Before I return to the format, I guess I should say something about the book. I almost feel like I should be doing a proper literary criticism, of the sort I haven't done since school: Synopsis, Themes, Characters, Style, Symbolism, Summary. That's because this feels like a proper bit of "literature". That's a word I use with some trepidation: usually "literature" means "stuff I feel like I ought to have read but probably won't actually enjoy" - whether it's modern lit or classic lit. And don't get me started on "chick lit". This isn't one of those bits of "literature", though. It's intelligent, thoughtful, and heavily character-based, yes, but it's also very easy to read and it's got a damn good story. That's because most of Roz's books are very different. She's written under a number of well-known names, including [REDACTED] and [CAN'T TELL YOU OR I'D HAVE TO KILL YOU], and she knows how to tell a rattling good yarn. She's not your usual literary novelist.
One of her other readers summed it up best - Memories is like John Fowles's The Magus. I loved that book when I was a teenager, and I'm now getting a hankering to read it again. It's the sort of literature I enjoy reading, combining a slightly unsettling plot with hints of more beyond. It's not the depressing realism of your typical Booker novelist or the light fluffiness of a slice of middle class city life.
Memories is about a pianist who can't play any more who goes to a hypnotist and starts channelling, not a past life, but a future life. Anything more would be a spoiler, so I'll stop right there. Roz's writing is some of the sharpest I've read in a while. She uses short, punchy sentences, punctuated by powerful metaphors and vivid descriptions. The result is some of the most readable prose I've come across in a while.
I will admit that after the first episode, I was slightly dubious about where it was going. I was enjoying it, but once she introduced characters who were regressing to past lives involving Jack the Ripper, there was a small part of me inwardly groaning and hoping it wasn't going to turn into some cheesy From Hell scenario. By the end of the second episode, I still wasn't much reassured. But I'm glad I stuck with it, because the end is an absolute rip-roarer. (Her husband Dave popped up on Twitter when I mentioned my concerns, and assured me I wouldn't anticipate the end. He was right. I should have known Roz wouldn't resort to cliche without good reason. She's better than that.)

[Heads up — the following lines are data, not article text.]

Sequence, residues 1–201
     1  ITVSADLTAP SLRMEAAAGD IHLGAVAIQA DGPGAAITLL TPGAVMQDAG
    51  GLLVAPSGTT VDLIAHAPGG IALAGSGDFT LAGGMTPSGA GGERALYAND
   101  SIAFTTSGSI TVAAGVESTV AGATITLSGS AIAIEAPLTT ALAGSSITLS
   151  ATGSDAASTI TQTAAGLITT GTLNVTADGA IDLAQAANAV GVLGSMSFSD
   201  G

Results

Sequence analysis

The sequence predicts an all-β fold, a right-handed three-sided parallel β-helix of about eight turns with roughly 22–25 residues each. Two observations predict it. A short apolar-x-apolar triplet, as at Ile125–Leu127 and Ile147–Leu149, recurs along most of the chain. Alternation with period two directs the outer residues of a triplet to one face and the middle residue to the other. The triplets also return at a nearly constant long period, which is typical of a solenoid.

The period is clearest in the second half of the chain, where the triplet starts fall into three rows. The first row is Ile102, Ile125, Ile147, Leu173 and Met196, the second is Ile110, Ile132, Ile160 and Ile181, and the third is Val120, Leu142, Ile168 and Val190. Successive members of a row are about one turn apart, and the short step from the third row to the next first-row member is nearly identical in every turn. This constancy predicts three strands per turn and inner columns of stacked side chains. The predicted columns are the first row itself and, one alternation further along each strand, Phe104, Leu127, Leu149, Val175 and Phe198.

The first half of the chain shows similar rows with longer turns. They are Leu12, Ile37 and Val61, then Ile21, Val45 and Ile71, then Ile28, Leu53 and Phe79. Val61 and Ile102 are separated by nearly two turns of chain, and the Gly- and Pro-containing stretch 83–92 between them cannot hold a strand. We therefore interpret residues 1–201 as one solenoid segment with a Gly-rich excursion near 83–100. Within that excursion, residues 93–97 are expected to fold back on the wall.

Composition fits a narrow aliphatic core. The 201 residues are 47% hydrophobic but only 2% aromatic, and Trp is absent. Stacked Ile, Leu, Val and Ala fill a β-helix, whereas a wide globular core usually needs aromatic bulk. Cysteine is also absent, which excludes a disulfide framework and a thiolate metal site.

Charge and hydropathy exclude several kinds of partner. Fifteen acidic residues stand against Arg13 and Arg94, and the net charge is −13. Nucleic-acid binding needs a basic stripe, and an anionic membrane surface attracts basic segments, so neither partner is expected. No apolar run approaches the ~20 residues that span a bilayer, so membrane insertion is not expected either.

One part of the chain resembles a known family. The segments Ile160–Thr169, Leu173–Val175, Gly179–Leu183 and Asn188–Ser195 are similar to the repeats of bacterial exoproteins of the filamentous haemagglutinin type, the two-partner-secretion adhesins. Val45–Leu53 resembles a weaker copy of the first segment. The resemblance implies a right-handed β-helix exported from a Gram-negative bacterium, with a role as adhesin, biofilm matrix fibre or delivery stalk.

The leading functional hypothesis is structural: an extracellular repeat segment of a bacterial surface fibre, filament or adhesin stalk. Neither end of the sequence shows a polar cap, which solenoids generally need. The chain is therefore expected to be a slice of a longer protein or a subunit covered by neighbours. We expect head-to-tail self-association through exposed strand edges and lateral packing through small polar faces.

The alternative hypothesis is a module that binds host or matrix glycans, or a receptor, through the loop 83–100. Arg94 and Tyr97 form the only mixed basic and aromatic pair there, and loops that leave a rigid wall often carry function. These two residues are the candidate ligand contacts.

Here's my one grouse. The release in instalments didn't work for me. I wanted to read the whole thing in one go. I didn't like waiting for the next episode to come out. In fact, after Episode 2, I decided to skip Episode 3 the following week and waited until the whole thing was published.
As a marketing technique, I hope it worked for Roz - self-publishing is a challenge at the best of times, and you have to do whatever you can to get attention. I certainly tweeted and facebooked about it much more than I would have done if I'd just bought the one book. But as a reading experience goes, I wish I'd waited and read it straight through. To be fair, I find the same with comics and television series - I enjoyed the anticipation of waiting for next week's Doctor Who or 2000 AD when I was a kid, but now I'd prefer to settle down for a long session whenever it's convenient for me.
However, none of this is a problem for anyone out there. It's all out now, and you can buy the complete novel for $9.99 on Kindle or $14.95 on paper. (You can still get all four episodes separately for $0.99, but not for much longer.)
So yes, I enjoyed this immensely. I'm torn between 4 and 5 stars, but that's only because I'm really, really picky when it comes to giving out 5-star ratings, and I'd have enjoyed it more without the enforced breaks in the middle. However, it's an easy four and a half. Memories is sharp, well-written, and a damn good read, and I'm looking forward to whatever Roz does next.